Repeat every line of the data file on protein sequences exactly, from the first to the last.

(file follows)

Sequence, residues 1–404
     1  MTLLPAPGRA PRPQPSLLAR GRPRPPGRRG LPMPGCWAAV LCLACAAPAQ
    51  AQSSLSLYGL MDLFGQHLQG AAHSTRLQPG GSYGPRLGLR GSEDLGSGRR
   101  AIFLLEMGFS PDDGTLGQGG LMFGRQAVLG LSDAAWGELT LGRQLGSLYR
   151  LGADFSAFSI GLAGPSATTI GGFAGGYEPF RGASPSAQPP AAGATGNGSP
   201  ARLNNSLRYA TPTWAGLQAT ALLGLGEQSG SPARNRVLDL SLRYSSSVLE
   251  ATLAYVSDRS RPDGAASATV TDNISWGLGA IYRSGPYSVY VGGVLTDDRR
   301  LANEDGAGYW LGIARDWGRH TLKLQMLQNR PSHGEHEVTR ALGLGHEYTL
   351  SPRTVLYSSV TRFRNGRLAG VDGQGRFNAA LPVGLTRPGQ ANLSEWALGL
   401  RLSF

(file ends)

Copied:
Sequence, residues 1–404
     1  MTLLPAPGRA PRPQPSLLAR GRPRPPGRRG LPMPGCWAAV LCLACAAPAQ
    51  AQSSLSLYGL MDLFGQHLQG AAHSTRLQPG GSYGPRLGLR GSEDLGSGRR
   101  AIFLLEMGFS PDDGTLGQGG LMFGRQAVLG LSDAAWGELT LGRQLGSLYR
   151  LGADFSAFSI GLAGPSATTI GGFAGGYEPF RGASPSAQPP AAGATGNGSP
   201  ARLNNSLRYA TPTWAGLQAT ALLGLGEQSG SPARNRVLDL SLRYSSSVLE
   251  ATLAYVSDRS RPDGAASATV TDNISWGLGA IYRSGPYSVY VGGVLTDDRR
   301  LANEDGAGYW LGIARDWGRH TLKLQMLQNR PSHGEHEVTR ALGLGHEYTL
   351  SPRTVLYSSV TRFRNGRLAG VDGQGRFNAA LPVGLTRPGQ ANLSEWALGL
   401  RLSF